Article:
Two important aspects for gene therapy are to increase the level of gene expression and track the gene delivery site and expression, and a sensitive reporter gene may be one of the options for preclinical studies and possibly for human clinical trials. We report the novel concept of increasing the activity of the gene products. With the insertion of the mini-peptide-coding sequence CWDDWLC into the plasmid DNA of a SEAP reporter gene, we observed vast increases in the enzyme activity in vitro in all murine and human cell lines used. Also, in vivo injection of this CWDDWLC-SEAP encoding gene resulted in the same increases in reporter gene activity, but these increases did not correspond to alterations in the level of the gene products in the serum. Minor sequence changes in this mini-peptide negate the activity increase of the reporter gene. We report the novel concept of increasing the activity of gene products as another method to improve the reporting sensitivity of reporter genes. This improved reporter gene could complement any improved vector for maximizing the reporter sensitivity. Also, this strategy has the potential to be used to discover peptides that improve the activity of therapeutic genes.
PMCID: PMC2808434  PMID: 19713998
Reporter gene; SEAP; peptide; vector; in vivo
9.  Expression of WSX1 in tumors sensitizes IL27-signaling independent NK cell surveillance 
Cancer research  2009;69(13):5505-5513.
It is well known that the interleukin (IL) 27 receptor WSX1 is expressed in immune cells and induces an IL27-dependent immune response. Opposing this conventional dogma, this study reveals a much higher level of WSX1 expression in multiple types of epithelial tumor cells when compared to normal epithelial cells. Expression of exogenous WSX1 in epithelial tumor cells suppresses tumorigenecity in vitro and inhibits tumor growth in vivo. Different from the role of WSX1 in immune cells, the antitumor activity of WSX1 in epithelial tumor cells is independent of IL27 signaling but is mainly dependent on NK cell surveillance. Deficiency of either the IL27 subunit Epstein–Barr virus-induced gene 3 (EBI3) or the IL27 receptor WSX1 in the host animals had no effect on tumor growth inhibition induced by WSX1 expression in tumor cells. Expression of WSX1 in epithelial tumor cells enhances NK cell cytolytic activity against tumor cells, while the absence of functional NK cells impairs the WSX1-mediated inhibition of epithelial tumor growth. The underlying mechanism by which WSX1 expression in tumor cells enhances NK cytolytic activity is dependent on upregulation of NKG2D ligand expression. Our results reveal an IL27-independent function of WSX1—sensitizing NK cell-mediated antitumor surveillance via an NKG2D-dependent mechanism.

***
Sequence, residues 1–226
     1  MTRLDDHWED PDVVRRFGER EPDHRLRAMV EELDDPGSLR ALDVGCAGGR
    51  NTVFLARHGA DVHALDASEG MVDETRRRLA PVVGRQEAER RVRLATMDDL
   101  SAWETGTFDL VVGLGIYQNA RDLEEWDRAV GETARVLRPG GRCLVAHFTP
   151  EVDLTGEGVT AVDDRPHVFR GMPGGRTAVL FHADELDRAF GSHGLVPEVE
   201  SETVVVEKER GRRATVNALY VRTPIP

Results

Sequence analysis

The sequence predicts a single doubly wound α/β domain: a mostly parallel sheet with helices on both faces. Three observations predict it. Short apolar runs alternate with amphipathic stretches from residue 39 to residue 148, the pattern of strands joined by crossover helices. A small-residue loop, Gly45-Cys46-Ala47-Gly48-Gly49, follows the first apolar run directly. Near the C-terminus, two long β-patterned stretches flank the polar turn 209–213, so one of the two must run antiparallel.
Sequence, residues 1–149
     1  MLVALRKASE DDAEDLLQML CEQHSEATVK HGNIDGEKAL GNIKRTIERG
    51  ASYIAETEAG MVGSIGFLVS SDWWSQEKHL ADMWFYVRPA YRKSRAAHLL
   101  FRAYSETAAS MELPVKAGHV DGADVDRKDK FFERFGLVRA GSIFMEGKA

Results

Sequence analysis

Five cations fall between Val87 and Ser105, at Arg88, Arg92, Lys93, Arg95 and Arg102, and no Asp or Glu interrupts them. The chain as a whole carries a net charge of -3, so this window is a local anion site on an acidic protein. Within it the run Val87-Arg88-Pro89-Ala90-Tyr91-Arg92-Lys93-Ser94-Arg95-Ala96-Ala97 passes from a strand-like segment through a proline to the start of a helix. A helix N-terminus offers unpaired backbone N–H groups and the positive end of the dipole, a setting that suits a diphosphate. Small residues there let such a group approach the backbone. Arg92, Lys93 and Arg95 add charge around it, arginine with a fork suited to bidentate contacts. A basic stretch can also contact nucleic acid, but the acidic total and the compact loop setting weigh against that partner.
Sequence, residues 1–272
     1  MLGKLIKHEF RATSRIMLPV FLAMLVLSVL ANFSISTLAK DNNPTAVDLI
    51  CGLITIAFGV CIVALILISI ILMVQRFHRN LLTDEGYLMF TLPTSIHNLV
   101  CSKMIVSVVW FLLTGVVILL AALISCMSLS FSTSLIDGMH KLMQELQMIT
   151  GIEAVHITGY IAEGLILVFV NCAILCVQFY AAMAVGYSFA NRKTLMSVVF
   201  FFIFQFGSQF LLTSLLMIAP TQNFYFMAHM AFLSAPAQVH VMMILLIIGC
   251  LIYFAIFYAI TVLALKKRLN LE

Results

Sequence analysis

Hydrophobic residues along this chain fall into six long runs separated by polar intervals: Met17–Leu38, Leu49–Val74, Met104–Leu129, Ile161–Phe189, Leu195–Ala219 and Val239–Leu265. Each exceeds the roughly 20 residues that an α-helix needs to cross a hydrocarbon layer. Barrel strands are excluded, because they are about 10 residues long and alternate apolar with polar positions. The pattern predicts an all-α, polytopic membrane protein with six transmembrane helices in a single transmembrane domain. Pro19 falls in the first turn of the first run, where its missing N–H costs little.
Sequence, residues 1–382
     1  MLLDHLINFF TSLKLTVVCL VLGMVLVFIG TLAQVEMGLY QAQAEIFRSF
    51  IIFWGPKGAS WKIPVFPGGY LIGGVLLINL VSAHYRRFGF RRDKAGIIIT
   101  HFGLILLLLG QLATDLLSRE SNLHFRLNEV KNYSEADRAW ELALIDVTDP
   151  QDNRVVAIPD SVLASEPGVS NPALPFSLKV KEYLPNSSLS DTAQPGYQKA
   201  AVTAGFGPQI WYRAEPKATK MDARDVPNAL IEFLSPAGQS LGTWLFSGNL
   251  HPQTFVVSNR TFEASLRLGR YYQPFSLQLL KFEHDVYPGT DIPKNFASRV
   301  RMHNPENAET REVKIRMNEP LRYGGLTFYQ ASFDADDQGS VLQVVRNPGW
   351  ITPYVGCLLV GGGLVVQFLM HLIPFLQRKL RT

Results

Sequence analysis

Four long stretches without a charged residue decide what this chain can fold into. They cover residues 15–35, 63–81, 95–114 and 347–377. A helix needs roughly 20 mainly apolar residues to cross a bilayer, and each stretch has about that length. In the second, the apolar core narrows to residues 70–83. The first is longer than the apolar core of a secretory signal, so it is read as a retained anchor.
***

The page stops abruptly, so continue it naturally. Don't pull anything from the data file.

PMCID: PMC2706921  PMID: 19549909
Innate Immunity; NK cell; IL27; Interleukin; TCCR; Tumor; WSX1

Results 1-9 (9)